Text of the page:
Mark W. Mathys | February 5, 2023 | Personal Injury
Most people assume that the terms “lawyer” and “attorney” can be used interchangeably. However, an attorney and a lawyer are technically different. While all attorneys are lawyers, not all lawyers are attorneys. Both lawyers and attorneys have graduated from law school, but attorneys passed the bar exam and have a license to practice law.
If you’re looking for legal representation, make sure you hire an attorney that is fully qualified to represent you.
Lawyers Have Graduated From an Accredited Law School
All lawyers graduate from an accredited law school. Law schools are accredited by the American Bar Association (“ABA”). Accredited law schools have certain admission and educational requirements. They provide access to legal and educational resources and hire qualified professors.
Accreditation distinguishes legitimate from illegitimate law schools and ensures that all lawyers receive a similar education. Once a lawyer graduates from law school, they receive a Juris Doctor degree. This is the “J.D.” that you may see at the end of a lawyer’s signature.
Attorneys Have Passed the Bar Exam and Are Licensed To Practice Law
Once a lawyer graduates from law school, there are a few more steps before they become an attorney. In Illinois, a lawyer must pass the bar examination and professional responsibility exam and apply for a license before they can give legal advice and appear in court. If they don’t follow this rule, they can be fined up to $5,000 under the Illinois Attorney Act.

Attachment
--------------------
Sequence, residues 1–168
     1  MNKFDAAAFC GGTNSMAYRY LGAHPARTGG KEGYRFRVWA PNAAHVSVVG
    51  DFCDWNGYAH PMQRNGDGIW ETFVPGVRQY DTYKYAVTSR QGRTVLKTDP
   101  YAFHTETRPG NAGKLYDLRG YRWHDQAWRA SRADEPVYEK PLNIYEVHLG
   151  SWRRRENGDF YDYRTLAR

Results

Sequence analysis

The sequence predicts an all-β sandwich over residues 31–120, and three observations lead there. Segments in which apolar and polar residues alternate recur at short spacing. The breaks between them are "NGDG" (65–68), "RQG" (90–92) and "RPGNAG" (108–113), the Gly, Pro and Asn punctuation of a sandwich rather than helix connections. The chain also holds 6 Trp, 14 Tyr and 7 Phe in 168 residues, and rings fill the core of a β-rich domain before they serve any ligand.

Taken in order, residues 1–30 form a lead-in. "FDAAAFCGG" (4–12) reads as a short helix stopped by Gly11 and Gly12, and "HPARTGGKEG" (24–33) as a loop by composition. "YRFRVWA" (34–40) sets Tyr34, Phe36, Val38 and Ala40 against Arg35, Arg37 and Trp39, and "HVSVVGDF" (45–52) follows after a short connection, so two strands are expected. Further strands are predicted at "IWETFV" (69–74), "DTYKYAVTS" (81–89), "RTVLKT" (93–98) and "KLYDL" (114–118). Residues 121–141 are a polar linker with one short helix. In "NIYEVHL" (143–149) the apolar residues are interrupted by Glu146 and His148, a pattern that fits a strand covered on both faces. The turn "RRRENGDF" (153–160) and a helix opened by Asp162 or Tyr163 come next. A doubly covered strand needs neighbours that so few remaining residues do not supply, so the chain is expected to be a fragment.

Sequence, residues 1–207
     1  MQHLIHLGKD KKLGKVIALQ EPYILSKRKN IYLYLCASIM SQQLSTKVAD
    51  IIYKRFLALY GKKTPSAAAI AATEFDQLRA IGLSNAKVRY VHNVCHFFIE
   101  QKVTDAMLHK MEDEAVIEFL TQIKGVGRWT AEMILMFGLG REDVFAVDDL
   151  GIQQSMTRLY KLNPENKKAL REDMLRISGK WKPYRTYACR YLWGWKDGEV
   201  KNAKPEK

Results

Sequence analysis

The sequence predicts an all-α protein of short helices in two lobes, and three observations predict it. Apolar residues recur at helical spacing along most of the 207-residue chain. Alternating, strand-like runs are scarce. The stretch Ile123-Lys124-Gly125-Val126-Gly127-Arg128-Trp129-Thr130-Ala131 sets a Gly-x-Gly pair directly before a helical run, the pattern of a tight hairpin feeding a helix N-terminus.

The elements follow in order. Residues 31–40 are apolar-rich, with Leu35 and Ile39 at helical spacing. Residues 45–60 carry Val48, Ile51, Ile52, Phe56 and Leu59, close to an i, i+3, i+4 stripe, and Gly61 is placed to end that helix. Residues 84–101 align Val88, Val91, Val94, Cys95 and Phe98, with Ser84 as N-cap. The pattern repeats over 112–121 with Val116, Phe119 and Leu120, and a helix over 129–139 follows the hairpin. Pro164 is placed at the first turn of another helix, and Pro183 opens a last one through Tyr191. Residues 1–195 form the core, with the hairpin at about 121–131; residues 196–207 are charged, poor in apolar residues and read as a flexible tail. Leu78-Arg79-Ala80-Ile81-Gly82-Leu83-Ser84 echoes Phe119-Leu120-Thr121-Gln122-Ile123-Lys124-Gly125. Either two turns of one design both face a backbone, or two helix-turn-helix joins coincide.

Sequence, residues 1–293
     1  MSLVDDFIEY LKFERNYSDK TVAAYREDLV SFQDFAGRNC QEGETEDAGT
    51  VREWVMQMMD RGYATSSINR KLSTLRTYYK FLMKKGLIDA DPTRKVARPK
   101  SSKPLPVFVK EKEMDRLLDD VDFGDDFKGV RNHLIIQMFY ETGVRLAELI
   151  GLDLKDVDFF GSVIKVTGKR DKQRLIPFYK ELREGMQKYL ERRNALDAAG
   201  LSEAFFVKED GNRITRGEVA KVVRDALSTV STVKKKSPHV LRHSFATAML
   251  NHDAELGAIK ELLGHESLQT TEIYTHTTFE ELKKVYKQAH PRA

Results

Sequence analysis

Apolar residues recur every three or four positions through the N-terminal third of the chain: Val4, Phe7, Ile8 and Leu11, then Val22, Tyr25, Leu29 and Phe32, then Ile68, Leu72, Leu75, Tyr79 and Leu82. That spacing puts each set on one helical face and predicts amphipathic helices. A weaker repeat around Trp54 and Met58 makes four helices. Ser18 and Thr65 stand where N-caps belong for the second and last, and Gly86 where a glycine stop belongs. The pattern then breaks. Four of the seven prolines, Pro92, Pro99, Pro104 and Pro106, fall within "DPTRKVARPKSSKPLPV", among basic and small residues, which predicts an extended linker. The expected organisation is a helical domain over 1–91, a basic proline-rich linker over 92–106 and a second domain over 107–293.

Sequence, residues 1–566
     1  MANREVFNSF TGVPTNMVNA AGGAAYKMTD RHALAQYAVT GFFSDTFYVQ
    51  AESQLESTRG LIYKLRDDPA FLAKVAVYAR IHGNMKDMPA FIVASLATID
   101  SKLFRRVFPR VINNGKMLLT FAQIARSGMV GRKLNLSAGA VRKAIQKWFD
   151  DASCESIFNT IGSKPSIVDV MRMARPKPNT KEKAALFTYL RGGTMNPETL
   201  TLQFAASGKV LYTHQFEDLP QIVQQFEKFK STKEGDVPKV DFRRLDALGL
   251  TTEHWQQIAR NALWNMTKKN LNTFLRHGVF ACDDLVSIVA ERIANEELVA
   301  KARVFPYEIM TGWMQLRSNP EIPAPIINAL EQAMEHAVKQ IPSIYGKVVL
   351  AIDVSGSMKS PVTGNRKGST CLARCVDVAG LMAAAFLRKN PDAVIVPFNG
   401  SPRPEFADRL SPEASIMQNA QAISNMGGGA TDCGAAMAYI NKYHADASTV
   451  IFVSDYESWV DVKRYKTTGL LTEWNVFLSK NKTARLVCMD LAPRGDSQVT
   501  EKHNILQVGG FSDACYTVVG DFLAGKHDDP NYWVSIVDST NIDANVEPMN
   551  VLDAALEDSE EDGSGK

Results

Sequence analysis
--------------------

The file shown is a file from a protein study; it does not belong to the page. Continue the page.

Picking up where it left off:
Passing the Bar Exam
The Illinois Board of Admissions to the Bar administers the bar examination for lawyers who want to become attorneys in IL. The bar exam consists of multiple-choice and written sections. It tests many subjects, including:
- Business Associations
- Civil Procedure
- Conflicts of Law
- Constitutional Law
- Criminal Law & Procedure
- Family Law
- Real Property Law
- Secured Transactions
- Trusts & Estates
Passing the Professional Responsibility Exam
Becoming an attorney isn’t just about understanding the law. Before getting a license, lawyers must pass a test on the rules of professional responsibility.
The Illinois Rules of Professional Conduct govern the way attorneys do business. It includes rules on client confidentiality, charging fees, and conflicts of interest. If an attorney violates these rules, they can lose their license.
Character and Fitness Examination
After passing both tests, a lawyer can apply to become a member of the state bar. This includes passing a character and fitness test before getting a license.
Character and fitness is an in-depth examination of a lawyer’s background. This includes past employment, education, residences, criminal and arrest record, and prior bar admissions. We rely on this to make sure that lawyers are upstanding citizens of the community and don’t have any skeletons in their closets, so to speak.
Licensed by the State Bar
If a lawyer passes character and fitness, they are admitted to the state bar and given a license. At this point, they become an attorney and can practice law. This means representing clients in court and providing legal advice to the general community.
If you have questions about whether or not a lawyer is an attorney, you can search for all of the attorneys who are admitted to practice law in Illinois.
Continuing Legal Education Requirements
Attorneys must pay dues to the state bar association and keep up to date on the law to maintain their license. This means taking Continuing Legal Education (“CLE”) courses.
Most attorneys in Illinois must complete 30 hours of ongoing learning every two years to maintain an active license. Six of these hours must be on the topic of professional responsibility. Usually, attorneys choose to deepen their knowledge in the area of law that they practice. CLEs give their clients confidence that attorneys are up-to-date, even as laws and practices change over time.